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Battery revolution to evolution

The revolutionary work of John Goodenough, M. Stanley Whittingham and Akira Yoshino has finally been awarded the Nobel Prize in Chemistry. Scientific discovery and engineering brilliance continue to shape battery technology.

So much has been said about the astonishing advancements of and societal transformations brought about by Li-ion batteries (LIBs) in portable electronics, and more recently transportation and grid-scale storage, that the recognition from the 2019 Nobel committee to the three LIB pioneers in October feels long overdue. Nonetheless, the story of their seminal work in laying the foundations of Li-ion chemistry bears repeating. At the same time, it is important to recognize the key milestones along the road to today’s commercial LIBs and to consider the path ahead to the batteries of the future.

The revolution started during the oil crisis of the 1970s when society was hungering for alternative energy sources to replace fossil fuels. Batteries then, such as lead–acid and nickel–cadmium, did not offer much hope for high-energy output. Writing first in the Journal of the Chemical Society, Chemical Communications in 19741, M. Stanley Whittingham noted that ions can be electrochemically intercalated into layered transition-metal disulfides such as TiS2. This intercalation chemistry, as he demonstrated subsequently in Science in 1976, enabled the first rechargeable Li battery, which consisted of a TiS2 cathode and a metallic Li anode2.

Writing in the Materials Research Bulletin in 19803, John Goodenough and co-workers reported a cathode, LiCoO2 (LCO), that has a similar layered structure to TiS2 and is also capable of (de)intercalating Li ions. However, this new cathode doubled the operating voltage of TiS2 and thus led to a significantly higher energy density. Among the many cathode materials, LCO is the most successful for portable devices: it is still being used in the majority of smart phones today.

Early rechargeable Li batteries were only successful in the lab. A main problem lies in the use of metallic Li based anodes, which have high chemical activity leading to significant side reactions. They also tend to form dendrites because of Li-ion plating during charging, which causes the hazard of short-circuiting. This was also one of the scientific reasons behind Exxon’s unsuccessful attempt to commercialize Whittingham’s Li–TiS2 system. The breakthrough came with the arrival of a 1985 patent4, in which Akira Yoshino and colleagues reported the very first practical Li-ion prototype, presenting carbonaceous materials as the anode and LCO as the cathode in a non-aqueous electrolyte.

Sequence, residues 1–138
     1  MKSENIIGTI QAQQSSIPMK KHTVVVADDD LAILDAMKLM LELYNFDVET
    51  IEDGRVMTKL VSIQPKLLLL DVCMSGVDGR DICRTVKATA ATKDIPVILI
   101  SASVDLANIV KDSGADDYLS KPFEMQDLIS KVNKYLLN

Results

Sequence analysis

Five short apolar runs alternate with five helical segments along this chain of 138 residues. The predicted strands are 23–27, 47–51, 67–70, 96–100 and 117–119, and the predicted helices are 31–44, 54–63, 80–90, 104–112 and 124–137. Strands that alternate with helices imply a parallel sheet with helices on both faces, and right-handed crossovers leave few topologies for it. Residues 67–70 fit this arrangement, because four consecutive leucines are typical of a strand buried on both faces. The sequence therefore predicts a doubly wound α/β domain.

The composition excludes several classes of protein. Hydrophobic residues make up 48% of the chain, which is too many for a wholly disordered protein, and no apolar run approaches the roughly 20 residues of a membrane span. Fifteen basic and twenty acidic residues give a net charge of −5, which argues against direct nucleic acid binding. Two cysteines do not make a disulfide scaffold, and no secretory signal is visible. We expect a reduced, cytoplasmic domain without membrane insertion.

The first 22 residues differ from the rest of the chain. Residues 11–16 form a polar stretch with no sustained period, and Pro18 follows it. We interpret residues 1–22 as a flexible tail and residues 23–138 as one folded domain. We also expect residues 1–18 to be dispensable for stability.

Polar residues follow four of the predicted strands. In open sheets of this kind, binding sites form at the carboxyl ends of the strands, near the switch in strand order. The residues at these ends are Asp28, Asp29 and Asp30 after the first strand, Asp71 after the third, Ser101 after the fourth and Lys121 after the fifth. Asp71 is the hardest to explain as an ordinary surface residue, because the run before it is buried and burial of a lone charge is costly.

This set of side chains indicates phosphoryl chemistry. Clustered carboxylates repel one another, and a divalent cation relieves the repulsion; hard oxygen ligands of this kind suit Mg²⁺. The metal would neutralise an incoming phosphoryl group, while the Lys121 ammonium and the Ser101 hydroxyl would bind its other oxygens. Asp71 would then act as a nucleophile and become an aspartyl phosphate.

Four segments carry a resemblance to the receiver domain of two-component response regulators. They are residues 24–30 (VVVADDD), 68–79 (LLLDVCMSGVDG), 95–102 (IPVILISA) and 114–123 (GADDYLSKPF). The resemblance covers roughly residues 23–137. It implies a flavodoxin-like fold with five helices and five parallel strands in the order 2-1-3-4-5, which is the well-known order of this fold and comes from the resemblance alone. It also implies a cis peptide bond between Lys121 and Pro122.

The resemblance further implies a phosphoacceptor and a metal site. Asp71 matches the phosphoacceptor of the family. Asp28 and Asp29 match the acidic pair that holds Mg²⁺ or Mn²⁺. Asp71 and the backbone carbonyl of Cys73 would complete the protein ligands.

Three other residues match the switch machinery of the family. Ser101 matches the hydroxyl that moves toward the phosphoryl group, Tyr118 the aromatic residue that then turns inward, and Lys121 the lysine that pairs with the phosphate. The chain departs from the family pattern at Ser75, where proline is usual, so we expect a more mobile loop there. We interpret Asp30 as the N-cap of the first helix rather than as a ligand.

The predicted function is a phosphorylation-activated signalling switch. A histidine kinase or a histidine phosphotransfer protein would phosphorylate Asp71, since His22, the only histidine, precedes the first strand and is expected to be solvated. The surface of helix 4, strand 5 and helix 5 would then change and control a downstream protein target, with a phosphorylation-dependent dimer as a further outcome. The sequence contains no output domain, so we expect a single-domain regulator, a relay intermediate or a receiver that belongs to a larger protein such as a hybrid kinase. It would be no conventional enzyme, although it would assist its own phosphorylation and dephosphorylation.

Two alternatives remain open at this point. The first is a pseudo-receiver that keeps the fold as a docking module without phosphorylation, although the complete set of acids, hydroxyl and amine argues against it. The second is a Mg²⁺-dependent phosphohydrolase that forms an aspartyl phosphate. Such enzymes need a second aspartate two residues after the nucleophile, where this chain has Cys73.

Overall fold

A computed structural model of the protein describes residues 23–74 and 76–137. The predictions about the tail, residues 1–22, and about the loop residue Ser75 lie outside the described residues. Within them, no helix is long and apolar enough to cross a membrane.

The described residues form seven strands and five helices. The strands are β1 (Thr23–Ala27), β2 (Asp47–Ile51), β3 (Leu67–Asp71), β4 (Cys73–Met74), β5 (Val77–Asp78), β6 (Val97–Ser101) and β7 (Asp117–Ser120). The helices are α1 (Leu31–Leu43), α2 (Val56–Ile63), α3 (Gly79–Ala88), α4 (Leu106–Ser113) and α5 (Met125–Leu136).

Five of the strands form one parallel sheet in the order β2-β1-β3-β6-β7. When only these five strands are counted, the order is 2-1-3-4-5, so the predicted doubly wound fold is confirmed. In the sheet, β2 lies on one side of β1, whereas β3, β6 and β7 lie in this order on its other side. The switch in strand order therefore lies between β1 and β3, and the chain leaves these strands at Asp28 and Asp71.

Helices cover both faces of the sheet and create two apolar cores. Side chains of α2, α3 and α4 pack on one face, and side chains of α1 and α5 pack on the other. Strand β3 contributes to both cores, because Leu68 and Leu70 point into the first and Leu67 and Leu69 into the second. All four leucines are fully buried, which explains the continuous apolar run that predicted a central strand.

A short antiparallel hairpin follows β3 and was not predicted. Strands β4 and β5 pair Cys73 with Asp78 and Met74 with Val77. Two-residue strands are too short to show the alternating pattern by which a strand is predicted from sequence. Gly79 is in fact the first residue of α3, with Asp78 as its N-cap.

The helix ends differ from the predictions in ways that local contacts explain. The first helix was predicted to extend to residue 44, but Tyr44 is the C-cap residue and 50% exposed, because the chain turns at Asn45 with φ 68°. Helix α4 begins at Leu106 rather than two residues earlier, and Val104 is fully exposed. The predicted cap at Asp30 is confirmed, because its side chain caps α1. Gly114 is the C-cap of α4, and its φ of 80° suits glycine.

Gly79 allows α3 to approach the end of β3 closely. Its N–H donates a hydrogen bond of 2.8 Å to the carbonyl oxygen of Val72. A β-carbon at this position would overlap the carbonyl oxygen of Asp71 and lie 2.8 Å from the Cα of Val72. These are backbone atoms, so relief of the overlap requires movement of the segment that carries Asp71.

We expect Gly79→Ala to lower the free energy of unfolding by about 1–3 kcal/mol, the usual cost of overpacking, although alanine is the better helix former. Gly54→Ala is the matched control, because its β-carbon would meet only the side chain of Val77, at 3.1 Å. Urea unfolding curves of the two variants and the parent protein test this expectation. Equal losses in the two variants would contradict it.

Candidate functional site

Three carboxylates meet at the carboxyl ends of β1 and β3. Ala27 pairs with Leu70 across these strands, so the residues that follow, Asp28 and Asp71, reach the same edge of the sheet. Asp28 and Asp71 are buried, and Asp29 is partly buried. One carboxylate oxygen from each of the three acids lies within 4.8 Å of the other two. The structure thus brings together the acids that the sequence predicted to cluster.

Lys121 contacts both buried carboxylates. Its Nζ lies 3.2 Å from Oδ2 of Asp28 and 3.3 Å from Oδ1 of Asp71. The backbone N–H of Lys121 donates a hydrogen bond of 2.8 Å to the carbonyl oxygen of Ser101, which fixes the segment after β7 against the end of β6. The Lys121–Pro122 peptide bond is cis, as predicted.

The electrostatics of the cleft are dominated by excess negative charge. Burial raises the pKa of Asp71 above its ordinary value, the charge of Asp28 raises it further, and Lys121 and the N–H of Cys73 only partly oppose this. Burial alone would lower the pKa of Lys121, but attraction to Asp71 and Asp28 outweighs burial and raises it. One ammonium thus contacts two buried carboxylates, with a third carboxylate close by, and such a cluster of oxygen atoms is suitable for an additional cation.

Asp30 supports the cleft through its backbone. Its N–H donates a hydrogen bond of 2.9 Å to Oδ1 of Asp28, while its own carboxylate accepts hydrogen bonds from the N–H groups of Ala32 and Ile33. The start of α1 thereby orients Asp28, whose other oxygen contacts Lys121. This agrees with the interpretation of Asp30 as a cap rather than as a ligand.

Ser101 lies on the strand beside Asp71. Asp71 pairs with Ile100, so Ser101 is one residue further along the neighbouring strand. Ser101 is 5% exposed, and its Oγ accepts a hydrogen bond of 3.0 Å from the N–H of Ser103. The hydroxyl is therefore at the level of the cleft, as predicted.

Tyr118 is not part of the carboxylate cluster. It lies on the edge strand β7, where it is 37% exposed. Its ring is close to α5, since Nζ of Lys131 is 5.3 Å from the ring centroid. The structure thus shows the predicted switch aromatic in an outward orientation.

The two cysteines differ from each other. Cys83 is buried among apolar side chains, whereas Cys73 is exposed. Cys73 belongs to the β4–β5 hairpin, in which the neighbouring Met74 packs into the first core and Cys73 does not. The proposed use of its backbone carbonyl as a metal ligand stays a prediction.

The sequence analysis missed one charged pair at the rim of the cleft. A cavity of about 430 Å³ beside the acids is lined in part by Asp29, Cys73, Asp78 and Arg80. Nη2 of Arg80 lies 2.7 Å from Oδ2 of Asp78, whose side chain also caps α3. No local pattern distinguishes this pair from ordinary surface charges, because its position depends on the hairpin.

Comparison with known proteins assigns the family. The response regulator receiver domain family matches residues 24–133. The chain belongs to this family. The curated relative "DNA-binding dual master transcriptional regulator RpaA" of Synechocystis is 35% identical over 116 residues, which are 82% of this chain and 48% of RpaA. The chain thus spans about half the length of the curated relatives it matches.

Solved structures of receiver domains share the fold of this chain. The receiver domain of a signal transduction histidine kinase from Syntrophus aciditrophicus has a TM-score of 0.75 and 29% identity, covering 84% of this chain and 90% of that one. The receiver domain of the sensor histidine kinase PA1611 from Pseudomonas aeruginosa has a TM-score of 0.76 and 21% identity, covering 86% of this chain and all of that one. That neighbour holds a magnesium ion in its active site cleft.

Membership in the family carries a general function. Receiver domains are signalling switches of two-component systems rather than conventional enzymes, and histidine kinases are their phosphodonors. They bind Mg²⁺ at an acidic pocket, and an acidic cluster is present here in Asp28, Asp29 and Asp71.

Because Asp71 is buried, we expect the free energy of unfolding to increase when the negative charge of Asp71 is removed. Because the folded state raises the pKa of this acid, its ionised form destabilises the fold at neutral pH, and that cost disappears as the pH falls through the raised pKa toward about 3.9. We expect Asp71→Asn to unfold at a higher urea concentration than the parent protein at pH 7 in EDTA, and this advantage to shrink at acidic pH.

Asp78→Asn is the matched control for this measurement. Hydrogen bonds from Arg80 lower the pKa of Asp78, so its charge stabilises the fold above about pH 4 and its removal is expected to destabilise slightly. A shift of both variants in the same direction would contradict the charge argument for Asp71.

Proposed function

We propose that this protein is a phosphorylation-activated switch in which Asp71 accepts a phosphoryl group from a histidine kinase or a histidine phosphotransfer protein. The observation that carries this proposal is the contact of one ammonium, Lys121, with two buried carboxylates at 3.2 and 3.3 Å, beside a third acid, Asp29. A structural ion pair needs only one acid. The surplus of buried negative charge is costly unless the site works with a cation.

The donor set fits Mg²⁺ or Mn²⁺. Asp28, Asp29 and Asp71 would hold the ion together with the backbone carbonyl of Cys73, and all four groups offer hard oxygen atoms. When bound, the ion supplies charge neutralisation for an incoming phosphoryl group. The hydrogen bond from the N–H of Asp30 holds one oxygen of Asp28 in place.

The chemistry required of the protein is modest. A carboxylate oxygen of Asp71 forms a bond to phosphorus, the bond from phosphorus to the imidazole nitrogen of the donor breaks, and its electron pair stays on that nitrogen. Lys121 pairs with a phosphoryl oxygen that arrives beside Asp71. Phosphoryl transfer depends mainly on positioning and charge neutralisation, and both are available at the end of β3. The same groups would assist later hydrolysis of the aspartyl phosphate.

While Yoshino’s cell may appear incredibly simple nowadays, it opened up a new design concept: the reactive metallic Li anode could be replaced by much more benign non-metal compounds such as carbonaceous materials, which are capable of storing Li ions while eliminating problems associated with the use of metallic Li. Sony Corporation soon adopted Yoshino’s strategy and made the world’s first commercial LIBs with a soft-carbon anode and a LCO cathode, achieving an energy density of 80 Wh kg–1, double that of a typical lead–acid battery. The company later adapted a graphite anode and a polymer gel electrolyte to produce the first commercial polymer batteries. The move to graphite was important as it allowed higher operating voltages, which, along with an optimized LCO cathode, produced an energy density of 190 Wh kg–1. The electrolyte innovation also led to a significant cost reduction as well as safety improvement5.

While portable electronics have successfully been powered by graphite–LCO batteries, vehicle electrification craves for much more energy-dense power sources. There have been enormous efforts in searching for future electrodes to enable this. Among the most promising approaches, metallic Li offers the largest specific capacity of all Li-based anodes, despite facing the same problematic plating issues that once halted commercial efforts in the 1970s. However, recent strategies (for example, with the aid of nanotechnology and advancements in electrolyte development) have been able to tame these problems, signalling a revival of the once-popular anode. While it is still early days for practical applications, writing in Nature Energy, Jun Liu, along with Goodenough and Whittingham in their first jointly-authored paper, presents distinct pathways for realizing high-energy long-cycling Li metal batteries6. It is also particularly encouraging that a practical prototype Li metal battery is now capable of delivering 300 Wh kg–1 with stable long cycles7.

On the cathode front, layered Ni–Mn–Co oxides and Ni–Co–Al oxides are among the most important in today’s electric automobiles. These materials bear a close similarity to their ancestor, LCO, but greatly benefit from adjustable compositions and properties from their elemental components. Intense research efforts are currently underway for next generation cathodes such as layered Li- and Mn-rich oxides, and Ni-rich oxides, which could offer higher voltages or capacities and thus higher energy densities.

The goals of future battery discovery remain the same as those faced by the LIB pioneers: more energy and power, longer cycles, lower costs and greater safety. As with the previous scientific breakthroughs coupled with engineering brilliance that enabled the leap forward for battery technologies in the past, advances on both the fundamental and technological levels are still key for the forever evolving batteries of tomorrow. With the increasing interest and considerable investment that is happening around the globe, we look forward to an even brighter electrified future.


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Battery revolution to evolution. Nat Energy 4, 893 (2019).

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